But of course, this balance rather quickly depletes once the now famed LV-426 comes into view. Showing the heaviest influence from Giger’s incredible works, LV is still one of the most menacing sets committed to film. With tall, ribbed, arching walls and a sense of scale that absolutely dwarfs our crew, to say that 426 is daunting to look at even now is an understatement. Looking not altogther unlike what you might imagine walking through a rotting body would be like, the ‘biomechanical’ style that Giger created can be seen in these moments to be at perhaps its greatest and most realized. This is only accentuated further when the huge space jockey is seen and the macabre imagery reaches a summit that the film seems to want to develop from, but is instead brought back down to Earth with the arrival of the face-hugger and John Hurt having to be rushed back to the Nostromo. It’s from here that the claustrophic horror part of the film really begins to take shape, with Ash, played by Ian Holm, kickstarting the turmoil that would unravel the crew and ultimately see their demise. Mostly. Once the chest-buster scene takes place, which is still incredibly stirring thanks to the heavy emphasis on birthing and the legitimate improvised terror of the actors’ faces, the setting only gets smaller and the scares bigger.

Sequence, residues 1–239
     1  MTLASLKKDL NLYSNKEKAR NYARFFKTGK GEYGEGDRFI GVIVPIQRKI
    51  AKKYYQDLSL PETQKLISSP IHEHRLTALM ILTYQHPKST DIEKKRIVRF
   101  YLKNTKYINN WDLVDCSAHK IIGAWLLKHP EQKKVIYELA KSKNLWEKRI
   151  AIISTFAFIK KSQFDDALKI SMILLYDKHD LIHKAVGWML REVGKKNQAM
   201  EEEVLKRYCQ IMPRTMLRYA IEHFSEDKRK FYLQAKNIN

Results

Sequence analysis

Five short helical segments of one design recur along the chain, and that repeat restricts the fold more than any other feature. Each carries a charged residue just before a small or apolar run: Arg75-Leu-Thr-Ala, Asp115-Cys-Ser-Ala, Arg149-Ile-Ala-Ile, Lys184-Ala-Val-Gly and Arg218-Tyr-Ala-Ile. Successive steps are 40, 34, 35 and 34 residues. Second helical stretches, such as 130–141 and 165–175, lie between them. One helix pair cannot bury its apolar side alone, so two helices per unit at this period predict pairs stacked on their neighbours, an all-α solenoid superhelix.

One of the more curios things about about the movie is that despite Sigourney Weaver’s enormous success as the flagship of the franchise, she is not the main character for the first half of this film. Instead, the crew’s captain Dallas acts as more of the film’s protagonist – the stereotypical valiant leader who dares to go alone when needed and is defiantly dedicated to getting his crew home. While Weaver’s Ripley does get her share of screen-time, it isn’t until after the tense, confined cat-and-mouse sequence wherein Dallas meets his end at the hands of the xenomorph that she becomes the central focus of the crew. It’s a move that in today’s greater emphasis on feminist criticism, really gives the picture an added vitality.